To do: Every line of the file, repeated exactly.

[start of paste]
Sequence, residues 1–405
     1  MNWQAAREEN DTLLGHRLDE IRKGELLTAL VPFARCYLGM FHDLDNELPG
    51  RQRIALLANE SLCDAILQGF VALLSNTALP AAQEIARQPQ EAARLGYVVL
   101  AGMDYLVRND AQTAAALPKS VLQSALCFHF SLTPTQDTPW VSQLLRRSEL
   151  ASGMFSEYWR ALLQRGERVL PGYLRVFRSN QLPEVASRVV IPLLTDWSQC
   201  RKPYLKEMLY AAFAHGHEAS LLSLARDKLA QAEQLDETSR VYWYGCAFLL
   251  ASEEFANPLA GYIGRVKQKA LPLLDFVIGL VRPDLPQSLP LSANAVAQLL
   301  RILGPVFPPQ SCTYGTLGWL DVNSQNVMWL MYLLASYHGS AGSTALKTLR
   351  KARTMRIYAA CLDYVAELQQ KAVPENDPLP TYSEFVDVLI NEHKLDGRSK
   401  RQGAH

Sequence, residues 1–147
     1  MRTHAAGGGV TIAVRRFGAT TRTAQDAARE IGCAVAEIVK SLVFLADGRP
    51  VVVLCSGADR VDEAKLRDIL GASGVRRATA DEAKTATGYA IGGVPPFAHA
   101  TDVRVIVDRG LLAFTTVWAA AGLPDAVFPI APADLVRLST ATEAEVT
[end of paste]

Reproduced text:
Sequence, residues 1–405
     1  MNWQAAREEN DTLLGHRLDE IRKGELLTAL VPFARCYLGM FHDLDNELPG
    51  RQRIALLANE SLCDAILQGF VALLSNTALP AAQEIARQPQ EAARLGYVVL
   101  AGMDYLVRND AQTAAALPKS VLQSALCFHF SLTPTQDTPW VSQLLRRSEL
   151  ASGMFSEYWR ALLQRGERVL PGYLRVFRSN QLPEVASRVV IPLLTDWSQC
   201  RKPYLKEMLY AAFAHGHEAS LLSLARDKLA QAEQLDETSR VYWYGCAFLL
   251  ASEEFANPLA GYIGRVKQKA LPLLDFVIGL VRPDLPQSLP LSANAVAQLL
   301  RILGPVFPPQ SCTYGTLGWL DVNSQNVMWL MYLLASYHGS AGSTALKTLR
   351  KARTMRIYAA CLDYVAELQQ KAVPENDPLP TYSEFVDVLI NEHKLDGRSK
   401  RQGAH

Sequence, residues 1–147
     1  MRTHAAGGGV TIAVRRFGAT TRTAQDAARE IGCAVAEIVK SLVFLADGRP
    51  VVVLCSGADR VDEAKLRDIL GASGVRRATA DEAKTATGYA IGGVPPFAHA
   101  TDVRVIVDRG LLAFTTVWAA AGLPDAVFPI APADLVRLST ATEAEVT